Moonraker came out 35 years ago this summer. I was 13 at the time, and I saw it opening night. In the summer of 1979 Moonraker was the greatest thing I had ever seen and Roger Moore the most important person on Earth (or in space).
I no longer think so highly of the movie — when I rank the Bonds, it lands near the bottom — but I will always have a soft spot for Moonraker. It was extremely important in my development as a Bond fan and also, in a weird way, my development as a person.
Moonraker was the first James Bond movie I saw in a theater. I was already hooked on Bond having seen The Spy Who Loved Me roughly six months earlier on Home Box Office, but to see Bond on the big screen was a huge deal. The impact of that opening sequence, with Bond being shoved out of an airplane without a parachute, should not be forgotten. Watching Moonraker spurred me to start reading the Ian Fleming novels. I checked out the few that the West Erie Plaza branch of the Erie County Public Library carried, but I needed to read more.
Most of the books were out of print at the time, so to find the remaining volumes I had to visit a used book store. Don Hullenbaugh, my friend who lived next door, knew of one, called Trade-A-Book, on Erie’s east side, but that required a bus trip downtown and a five-block walk to the store. We were suburban kids. It was unheard of for suburban kids to take a bus into the city to shop for books. We were supposed to ask our parents for a ride to the Millcreek Mall. But the only Bond book I could find at the mall was Doctor No, so Don and I took the bus and walked to the bookstore. One of the books I bought that day was the Bantam paperback edition of Casino Royale with the slick black cover and the Frank McCarthy artwork.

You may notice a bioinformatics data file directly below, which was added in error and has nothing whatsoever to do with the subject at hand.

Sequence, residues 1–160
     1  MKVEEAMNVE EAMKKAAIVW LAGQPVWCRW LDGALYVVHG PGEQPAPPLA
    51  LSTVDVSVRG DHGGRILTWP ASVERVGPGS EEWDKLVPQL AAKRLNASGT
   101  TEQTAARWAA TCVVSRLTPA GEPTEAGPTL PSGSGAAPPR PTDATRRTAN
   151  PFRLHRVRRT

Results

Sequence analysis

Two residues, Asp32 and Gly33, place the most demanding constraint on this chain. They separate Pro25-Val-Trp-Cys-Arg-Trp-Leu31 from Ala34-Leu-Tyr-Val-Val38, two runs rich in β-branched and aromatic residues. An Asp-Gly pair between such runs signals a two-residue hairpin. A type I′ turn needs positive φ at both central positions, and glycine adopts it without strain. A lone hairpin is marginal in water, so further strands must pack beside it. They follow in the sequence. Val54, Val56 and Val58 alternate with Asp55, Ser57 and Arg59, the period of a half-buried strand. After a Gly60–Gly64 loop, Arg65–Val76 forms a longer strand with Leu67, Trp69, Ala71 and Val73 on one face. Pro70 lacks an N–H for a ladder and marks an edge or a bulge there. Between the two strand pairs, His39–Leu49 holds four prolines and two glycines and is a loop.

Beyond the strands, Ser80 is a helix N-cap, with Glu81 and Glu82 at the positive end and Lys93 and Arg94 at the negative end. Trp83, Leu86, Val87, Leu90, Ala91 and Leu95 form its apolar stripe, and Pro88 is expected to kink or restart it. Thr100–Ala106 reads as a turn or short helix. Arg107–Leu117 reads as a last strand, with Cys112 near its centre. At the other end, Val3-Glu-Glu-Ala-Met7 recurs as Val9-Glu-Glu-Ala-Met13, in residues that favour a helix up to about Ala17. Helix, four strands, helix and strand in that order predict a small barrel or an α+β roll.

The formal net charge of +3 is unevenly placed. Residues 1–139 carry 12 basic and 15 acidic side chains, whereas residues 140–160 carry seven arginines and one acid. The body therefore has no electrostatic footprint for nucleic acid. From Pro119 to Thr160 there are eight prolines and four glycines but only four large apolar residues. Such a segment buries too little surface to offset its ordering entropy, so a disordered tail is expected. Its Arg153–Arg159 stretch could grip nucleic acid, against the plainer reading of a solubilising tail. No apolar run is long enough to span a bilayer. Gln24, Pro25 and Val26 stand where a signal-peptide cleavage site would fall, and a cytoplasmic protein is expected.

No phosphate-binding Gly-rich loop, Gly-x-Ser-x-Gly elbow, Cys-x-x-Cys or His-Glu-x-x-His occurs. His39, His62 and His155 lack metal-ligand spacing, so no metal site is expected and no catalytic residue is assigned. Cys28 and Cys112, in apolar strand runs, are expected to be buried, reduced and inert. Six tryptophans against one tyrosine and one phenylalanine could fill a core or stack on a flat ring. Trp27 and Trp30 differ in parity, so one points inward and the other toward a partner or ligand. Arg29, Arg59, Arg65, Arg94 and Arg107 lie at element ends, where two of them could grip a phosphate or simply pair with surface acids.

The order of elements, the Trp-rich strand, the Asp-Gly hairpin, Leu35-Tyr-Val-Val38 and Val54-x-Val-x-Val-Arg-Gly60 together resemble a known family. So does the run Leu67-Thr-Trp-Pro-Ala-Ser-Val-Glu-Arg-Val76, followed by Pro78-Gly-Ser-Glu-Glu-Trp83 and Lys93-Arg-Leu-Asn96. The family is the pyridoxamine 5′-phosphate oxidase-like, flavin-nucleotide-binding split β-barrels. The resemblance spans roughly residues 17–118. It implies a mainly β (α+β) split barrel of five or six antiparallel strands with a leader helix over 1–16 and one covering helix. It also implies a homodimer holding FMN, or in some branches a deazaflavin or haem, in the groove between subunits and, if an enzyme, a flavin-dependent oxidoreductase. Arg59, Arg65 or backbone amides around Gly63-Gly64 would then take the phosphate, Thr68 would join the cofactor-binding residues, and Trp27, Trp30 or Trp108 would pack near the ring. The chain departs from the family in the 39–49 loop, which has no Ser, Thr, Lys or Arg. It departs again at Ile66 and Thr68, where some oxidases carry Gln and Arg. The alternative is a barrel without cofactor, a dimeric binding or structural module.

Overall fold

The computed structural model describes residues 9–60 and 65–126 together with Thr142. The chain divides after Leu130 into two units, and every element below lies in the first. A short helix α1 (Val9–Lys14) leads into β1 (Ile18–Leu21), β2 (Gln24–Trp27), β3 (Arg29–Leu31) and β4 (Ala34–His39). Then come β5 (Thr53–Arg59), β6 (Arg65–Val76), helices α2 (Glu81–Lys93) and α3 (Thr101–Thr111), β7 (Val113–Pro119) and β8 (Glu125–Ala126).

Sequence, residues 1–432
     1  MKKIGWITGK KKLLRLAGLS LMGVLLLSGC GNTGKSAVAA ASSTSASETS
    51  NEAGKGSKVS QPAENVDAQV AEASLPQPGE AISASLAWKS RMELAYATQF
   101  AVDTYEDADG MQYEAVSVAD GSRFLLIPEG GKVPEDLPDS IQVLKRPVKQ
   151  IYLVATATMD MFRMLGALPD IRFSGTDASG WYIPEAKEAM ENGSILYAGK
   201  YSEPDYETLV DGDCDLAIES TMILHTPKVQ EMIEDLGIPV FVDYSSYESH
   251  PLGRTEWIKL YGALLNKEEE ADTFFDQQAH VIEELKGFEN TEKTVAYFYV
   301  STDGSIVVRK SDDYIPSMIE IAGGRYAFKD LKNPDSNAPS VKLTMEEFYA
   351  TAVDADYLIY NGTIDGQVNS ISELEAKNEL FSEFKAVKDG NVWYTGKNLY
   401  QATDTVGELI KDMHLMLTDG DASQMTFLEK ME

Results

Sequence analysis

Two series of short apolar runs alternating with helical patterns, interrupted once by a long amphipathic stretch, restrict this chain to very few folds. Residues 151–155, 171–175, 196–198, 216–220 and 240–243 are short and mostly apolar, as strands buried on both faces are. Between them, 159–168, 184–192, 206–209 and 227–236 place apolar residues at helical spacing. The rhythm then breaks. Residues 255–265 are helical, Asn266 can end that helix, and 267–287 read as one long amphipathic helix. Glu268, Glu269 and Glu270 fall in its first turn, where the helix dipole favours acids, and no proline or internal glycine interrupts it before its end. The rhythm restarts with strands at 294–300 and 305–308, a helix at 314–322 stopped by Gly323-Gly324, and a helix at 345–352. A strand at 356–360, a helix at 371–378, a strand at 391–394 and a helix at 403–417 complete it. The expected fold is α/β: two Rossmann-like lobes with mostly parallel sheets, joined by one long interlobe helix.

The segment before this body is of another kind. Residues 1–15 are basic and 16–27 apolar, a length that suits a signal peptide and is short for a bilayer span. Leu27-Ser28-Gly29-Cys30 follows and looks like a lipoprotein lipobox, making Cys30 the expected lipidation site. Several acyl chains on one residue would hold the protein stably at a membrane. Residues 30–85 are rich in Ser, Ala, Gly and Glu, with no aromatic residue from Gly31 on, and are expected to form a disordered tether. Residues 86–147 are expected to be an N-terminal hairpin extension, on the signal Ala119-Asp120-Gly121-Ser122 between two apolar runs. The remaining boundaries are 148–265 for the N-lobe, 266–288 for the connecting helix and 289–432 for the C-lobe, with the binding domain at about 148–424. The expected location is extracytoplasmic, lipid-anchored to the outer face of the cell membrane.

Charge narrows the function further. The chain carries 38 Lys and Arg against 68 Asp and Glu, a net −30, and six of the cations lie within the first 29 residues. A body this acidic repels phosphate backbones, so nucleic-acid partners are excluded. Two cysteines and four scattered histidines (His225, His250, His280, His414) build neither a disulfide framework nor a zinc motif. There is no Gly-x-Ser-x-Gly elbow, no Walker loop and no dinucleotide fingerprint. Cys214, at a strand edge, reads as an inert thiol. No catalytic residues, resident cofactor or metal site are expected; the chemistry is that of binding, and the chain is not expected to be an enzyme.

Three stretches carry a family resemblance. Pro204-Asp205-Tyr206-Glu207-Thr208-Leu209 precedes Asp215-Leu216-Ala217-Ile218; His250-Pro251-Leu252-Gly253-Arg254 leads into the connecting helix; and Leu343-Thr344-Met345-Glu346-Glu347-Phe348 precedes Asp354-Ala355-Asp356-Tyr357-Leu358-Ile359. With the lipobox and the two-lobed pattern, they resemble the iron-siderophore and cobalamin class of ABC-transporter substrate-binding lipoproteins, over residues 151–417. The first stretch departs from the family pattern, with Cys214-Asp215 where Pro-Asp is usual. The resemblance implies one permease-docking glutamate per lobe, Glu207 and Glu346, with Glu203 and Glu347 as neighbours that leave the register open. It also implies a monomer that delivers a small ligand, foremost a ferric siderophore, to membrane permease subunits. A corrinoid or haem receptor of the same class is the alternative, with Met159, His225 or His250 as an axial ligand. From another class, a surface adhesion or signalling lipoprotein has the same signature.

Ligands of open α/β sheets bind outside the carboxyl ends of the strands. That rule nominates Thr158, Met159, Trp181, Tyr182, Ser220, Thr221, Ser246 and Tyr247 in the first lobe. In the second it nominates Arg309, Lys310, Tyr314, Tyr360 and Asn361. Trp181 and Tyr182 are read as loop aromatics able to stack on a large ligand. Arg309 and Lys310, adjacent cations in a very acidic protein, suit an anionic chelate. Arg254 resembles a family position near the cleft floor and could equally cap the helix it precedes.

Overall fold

Once I realized there was nothing scary about travelling downtown (in other words, black people weren’t lining up to mug me; it was also at this point that I realized the stupidity of racism and prejudice), I made many more visits to Trade-A-Book on my own. Saturday trips to the main library branch on Perry Square also became a ritual. That’s where I found John Pearson’s biography of Ian Fleming. Heady reading for a 13-year-old, but I had to know everything.
If I remember correctly, Moonraker played exclusively at the Strand Theater that summer, and the Strand was in the heart of downtown Erie, 10th and State. I saw Moonraker 10 more times during its first run, which meant 10 more bus trips downtown by myself. My parents were unaware of most of these excursions.
The summer of 1979, the summer before I started high school, was the summer I discovered my independence (not to mention an appreciation of public transportation). And it was all thanks to Moonraker and James Bond.
I transferred this spirit of spy-inspired independence to Brian Parker, the hero of my spy novel, The Boy Who Knew Too Much. Also a suburbanite, Brian takes the bus into downtown Milwaukee to buy Foster Blake paperbacks at used book stores.